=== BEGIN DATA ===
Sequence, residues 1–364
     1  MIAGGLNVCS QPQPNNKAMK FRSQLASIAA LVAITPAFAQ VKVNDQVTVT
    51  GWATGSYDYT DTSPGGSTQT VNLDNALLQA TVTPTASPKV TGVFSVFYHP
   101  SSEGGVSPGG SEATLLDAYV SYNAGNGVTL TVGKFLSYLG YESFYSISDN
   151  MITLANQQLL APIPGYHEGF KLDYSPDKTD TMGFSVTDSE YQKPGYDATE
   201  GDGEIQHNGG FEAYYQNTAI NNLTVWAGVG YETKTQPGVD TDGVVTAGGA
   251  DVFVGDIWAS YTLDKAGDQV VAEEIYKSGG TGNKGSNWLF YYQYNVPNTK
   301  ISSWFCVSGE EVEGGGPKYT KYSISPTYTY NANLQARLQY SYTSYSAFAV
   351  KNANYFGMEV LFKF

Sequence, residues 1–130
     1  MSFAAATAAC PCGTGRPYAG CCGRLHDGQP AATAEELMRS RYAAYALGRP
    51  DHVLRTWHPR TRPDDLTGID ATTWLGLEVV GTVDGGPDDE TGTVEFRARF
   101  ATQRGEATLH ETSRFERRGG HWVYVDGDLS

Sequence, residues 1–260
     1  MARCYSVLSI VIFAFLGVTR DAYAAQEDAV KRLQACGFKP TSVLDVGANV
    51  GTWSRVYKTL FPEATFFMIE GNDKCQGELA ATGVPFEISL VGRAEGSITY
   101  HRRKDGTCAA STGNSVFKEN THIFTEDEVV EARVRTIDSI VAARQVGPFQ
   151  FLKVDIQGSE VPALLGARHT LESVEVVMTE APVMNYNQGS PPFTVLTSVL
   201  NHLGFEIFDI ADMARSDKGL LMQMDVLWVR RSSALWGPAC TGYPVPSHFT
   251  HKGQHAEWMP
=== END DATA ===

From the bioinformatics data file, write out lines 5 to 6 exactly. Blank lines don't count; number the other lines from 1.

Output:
   151  MITLANQQLL APIPGYHEGF KLDYSPDKTD TMGFSVTDSE YQKPGYDATE
   201  GDGEIQHNGG FEAYYQNTAI NNLTVWAGVG YETKTQPGVD TDGVVTAGGA